The present work was part of a prospective study conducted in cirrhotic patients that was aimed at assessing the performance of HCC screening procedures as well as the rates and risks factors of liver cancer development in the course of various liver diseases [16]. The protocol obtained approval from the Ethics Committee (CPP, Aulnay-sous-Bois, France). All patients gave written informed consent to participate in the study and all research carried out in participants was in compliance with the 1975 Declaration of Helsinki as reflected in a priori approval by the institution's human research committee.

In the present study, we included all new patients referred to the liver unit of Hôpital Jean Verdier (Bondy, France) between 1 January 1995 and 31 December 2005, who fulfilled the following criteria: 1) biopsy-proven liver cirrhosis; 2) daily alcohol intake >80 g per day 3) no infection from the human immunodeficiency virus or hepatitis B or C viruses; 4) no evidence of HCC at the time of inclusion as judged by negative ultrasonographic findings and a serum a-fetoprotein (AFP) level of <50 ng/mL; 5) Caucasian origin and residence in France; 6) acceptance of a regular follow-up and periodical HCC screening. A total of 261 patients were recruited.

The study started with the detection of liver cirrhosis on the first liver biopsy and all patients were prospectively evaluated at least twice a year by a physical examination, liver ultrasound and measurement of serum AFP levels. When a HCC was suspected, computer tomography, and/or magnetic-resonance imaging and/or a guided liver biopsy was performed according to the Barcelona criteria [17]. HCC was diagnosed when at least one of the following criteria were fulfilled:

1. Histological evidence

2. Congruent demonstration of a focal lesion >2 cm in size, and arterial hypervascularization, as assessed by two different imaging techniques

3. A combination of one imaging technique plus a serum AFP level of ≥400 ng/mL.

Gender, age, BMI, past history of diabetes mellitus, presence of ascites or hepatic encephalopathy, serum bilirubin, albumin and prothrombin levels, serum alanine-aminotransferase activity, and serum aspartate-aminotransferase activity were recorded at the time of inclusion. Daily alcohol intake was obtained by personal interview. The two main end-points were the occurrence of HCC and the occurrence of death or liver transplantation (the date of liver transplantation was considered as the day of death). Otherwise, the follow-up ended at the last recorded visit (or information taken) prior to 31 August 2011. This deadline was used to upgrade the patients’ file using our computerized database, as well as to obtain information by contacting the patients, their relatives or general practitioner.

Genetic analysis

Genomic DNA was isolated from peripheral blood mononuclear cells using a commercially available kit according to manufacturer’s instructions (Amersham, GE Healthcare). Exons 1 and 6 of keratin 8 were polymerase chain reaction-amplified using established primers [18] and a “hot-start” Amplitaq Gold DNA Polymerase (Applied biosystems; Foster City, CA). The specificity of the amplification was confirmed by sequencing. PCR products were analyzed for presence of heterozygous variants by denaturing high-performance liquid chromatography (DHPLC) using a WAVE DNA Fragment Analysis system. Samples with “shifted” elution pattern were purified with a Qiaquick PCR purification kit (Qiagen) and sequenced.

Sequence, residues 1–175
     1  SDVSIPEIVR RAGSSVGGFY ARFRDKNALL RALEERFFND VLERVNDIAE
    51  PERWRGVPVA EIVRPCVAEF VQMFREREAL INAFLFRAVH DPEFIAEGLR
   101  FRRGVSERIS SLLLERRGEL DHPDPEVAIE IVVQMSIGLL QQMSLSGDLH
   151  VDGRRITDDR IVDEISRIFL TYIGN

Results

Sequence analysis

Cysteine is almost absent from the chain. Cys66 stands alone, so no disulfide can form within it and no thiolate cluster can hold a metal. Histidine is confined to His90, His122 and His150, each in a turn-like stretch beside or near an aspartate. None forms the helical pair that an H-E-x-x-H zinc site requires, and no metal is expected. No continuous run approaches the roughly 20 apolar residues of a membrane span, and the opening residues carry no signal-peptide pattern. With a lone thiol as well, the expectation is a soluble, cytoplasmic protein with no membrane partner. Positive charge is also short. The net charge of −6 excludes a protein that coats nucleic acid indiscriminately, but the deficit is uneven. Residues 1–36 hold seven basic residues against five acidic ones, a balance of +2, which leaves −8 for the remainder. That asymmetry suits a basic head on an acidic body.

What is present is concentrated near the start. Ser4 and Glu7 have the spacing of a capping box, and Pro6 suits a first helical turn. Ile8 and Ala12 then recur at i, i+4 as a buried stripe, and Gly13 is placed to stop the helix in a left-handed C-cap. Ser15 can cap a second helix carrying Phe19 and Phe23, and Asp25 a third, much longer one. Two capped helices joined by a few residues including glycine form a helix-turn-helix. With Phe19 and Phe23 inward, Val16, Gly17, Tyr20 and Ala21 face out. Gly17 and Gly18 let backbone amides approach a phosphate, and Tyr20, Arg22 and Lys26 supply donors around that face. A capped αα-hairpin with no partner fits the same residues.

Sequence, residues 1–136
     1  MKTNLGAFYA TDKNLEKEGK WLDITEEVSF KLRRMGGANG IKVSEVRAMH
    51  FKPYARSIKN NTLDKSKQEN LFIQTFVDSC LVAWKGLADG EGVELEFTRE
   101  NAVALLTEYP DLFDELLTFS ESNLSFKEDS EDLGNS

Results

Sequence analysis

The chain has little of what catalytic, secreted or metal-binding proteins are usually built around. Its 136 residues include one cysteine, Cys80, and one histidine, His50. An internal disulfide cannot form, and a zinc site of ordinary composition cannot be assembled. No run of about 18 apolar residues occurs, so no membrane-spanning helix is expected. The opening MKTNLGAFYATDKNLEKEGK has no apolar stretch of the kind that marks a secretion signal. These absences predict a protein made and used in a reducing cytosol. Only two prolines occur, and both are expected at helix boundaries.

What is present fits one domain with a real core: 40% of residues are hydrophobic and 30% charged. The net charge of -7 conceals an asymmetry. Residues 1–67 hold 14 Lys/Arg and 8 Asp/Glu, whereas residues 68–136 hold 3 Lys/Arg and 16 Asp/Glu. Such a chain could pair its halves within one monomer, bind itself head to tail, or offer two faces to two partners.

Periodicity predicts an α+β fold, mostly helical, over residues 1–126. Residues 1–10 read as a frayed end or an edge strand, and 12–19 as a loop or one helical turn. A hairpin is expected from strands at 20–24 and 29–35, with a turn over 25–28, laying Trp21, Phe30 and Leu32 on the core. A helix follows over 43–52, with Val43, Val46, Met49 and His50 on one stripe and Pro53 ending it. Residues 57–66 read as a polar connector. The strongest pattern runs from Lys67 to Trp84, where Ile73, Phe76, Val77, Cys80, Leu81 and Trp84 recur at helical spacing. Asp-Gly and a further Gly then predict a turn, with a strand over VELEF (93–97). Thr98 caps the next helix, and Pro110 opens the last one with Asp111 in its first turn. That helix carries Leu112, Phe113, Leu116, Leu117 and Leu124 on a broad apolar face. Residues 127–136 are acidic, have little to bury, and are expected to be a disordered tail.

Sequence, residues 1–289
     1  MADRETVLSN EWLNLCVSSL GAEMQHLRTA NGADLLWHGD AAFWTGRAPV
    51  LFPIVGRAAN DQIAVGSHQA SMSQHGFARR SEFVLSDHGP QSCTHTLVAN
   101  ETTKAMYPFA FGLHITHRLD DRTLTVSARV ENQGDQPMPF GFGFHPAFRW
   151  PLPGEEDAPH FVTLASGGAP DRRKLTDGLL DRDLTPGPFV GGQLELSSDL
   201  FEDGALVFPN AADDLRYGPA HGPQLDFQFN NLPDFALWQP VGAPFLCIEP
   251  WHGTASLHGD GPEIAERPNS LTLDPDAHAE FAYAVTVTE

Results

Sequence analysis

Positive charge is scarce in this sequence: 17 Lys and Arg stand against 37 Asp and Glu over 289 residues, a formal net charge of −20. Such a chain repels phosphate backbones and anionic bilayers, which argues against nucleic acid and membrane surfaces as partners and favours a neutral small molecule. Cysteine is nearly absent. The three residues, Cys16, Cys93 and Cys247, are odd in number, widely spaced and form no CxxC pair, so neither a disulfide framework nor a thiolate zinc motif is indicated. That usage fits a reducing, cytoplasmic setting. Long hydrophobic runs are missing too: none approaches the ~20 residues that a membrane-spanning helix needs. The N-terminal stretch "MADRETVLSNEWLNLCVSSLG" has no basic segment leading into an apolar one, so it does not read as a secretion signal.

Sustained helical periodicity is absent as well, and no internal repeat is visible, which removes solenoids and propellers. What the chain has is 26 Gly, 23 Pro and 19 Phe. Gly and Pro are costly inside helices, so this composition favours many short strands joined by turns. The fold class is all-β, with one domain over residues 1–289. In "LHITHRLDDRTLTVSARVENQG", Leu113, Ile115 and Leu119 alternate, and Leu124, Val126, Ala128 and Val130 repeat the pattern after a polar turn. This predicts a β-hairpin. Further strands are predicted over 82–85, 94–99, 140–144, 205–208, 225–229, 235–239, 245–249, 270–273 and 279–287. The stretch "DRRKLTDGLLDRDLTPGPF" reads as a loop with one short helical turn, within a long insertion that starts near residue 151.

Statistical methods

Qualitative variables were compared using Fisher’s exact test, the chi-squared test or the chi-squared trend test with 1° of freedom, whereas quantitative variables were compared using the non-parametric Kruskal–Wallis test. The Kaplan–Meier method was used to estimate the occurrence of HCC/death for each parameter noted at enrolment. The distribution of death and HCC were compared with the log-rank test. A significant level <0.10 was used to select the variables for the Cox’s proportional hazards model, using a stepwise backward procedure with a threshold of a=0.05. Variables associated with risk of death or HCC, based on knowledge and findings from previous studies were also selected for multivariate analyses (age, gender, BMI, diabetes, Child-Pugh score, platelet count). Statistical analyses were performed using the SAS System Package version 8.02 (SAS Institute, Cary, NC). All reported P values are two-tailed. Associations were considered statistically significant at a a of 0.05.

Results

Patients’ characteristics

A total of 261 patients were enrolled in this study. Their initial characteristics are summarized in Table 1. The mean follow-up period was 65 months with extremes ranging from 22 to 150 months. During the study period, 24/261 patients (9.2%) were lost to follow-up after at least 2 years of HCC screening. During follow-up, 67 developed HCC and 133 died or underwent liver transplantation (n=17). In all but 5 cases, death was attributable to liver disease caused by advanced HCC, variceal bleeding and/or complications caused by hepatic failure. The non-HCC-related complications were the main causes of death.

Table 1. Characteristics of the cohort of patients with alcoholic liver cirrhosis

Lack of influence of keratin variants on outcomes

Our genetic analysis detected K8 G62C and K8 R341H variants in 5 and 8 patients respectively. K8 I63V variant was seen in one person and no intronic variants were observed (Table 2). When stratifying the population according to the presence of variants in K8 exon 1 (K8 G62C/I63V), exon 6 (K8 R341H) or all keratin variants (n=14), the baseline severity of liver disease as well as demographic and clinical data were similar among the variant carriers and non-carriers (data not shown). Similar rates of complications during follow-up were observed between patients bearing the K8E1 variants and the remains subjects [HCC occurrence 2/6 (33.3%) vs. 65/255 (25.5%), P=0.6; death: 2/6 (33.3%) vs. 126/255 (49.4%), P=0.4). This observation was confirmed by the Kaplan-Meier method as the K8E1 mutation carriage was not associated with the development of HCC (HR=0.8 [0.1–3.3], log-rank=0.7) or death (HR=0.4 [0.1–1.6], log-rank=0.2) when considering the occurrence of these events over time. Similarly, the presence of the K8 R341H variant was not associated with HCC occurrence [2/8 (25.0%) vs. 65/253 (25.7%), P=0.9], a finding that was confirmed by the Kaplan-Meier method (HR= 0.7 [0.1-3.1], log-rank =0.7, Figure 1A). On the other hand, patients carrying K8 R341H variant had an apparent higher rate of overall mortality [7/8 (87.5%) vs. 121/253 (47.8%), P=0.02] that was due to higher incidence of non-HCC liver-related death [5/8 (62.5%) vs. 68/253 (26.9%), P=0.02]. However, this negative impact was not observed when taking into account the occurrence of death over time, whether for overall mortality (HR=1.5 [0.7-3.3], log-rank =0.2) or death non-attributable to HCC (HR=2.0 [0.8-5.0], log-rank =0.1, Figure 1B).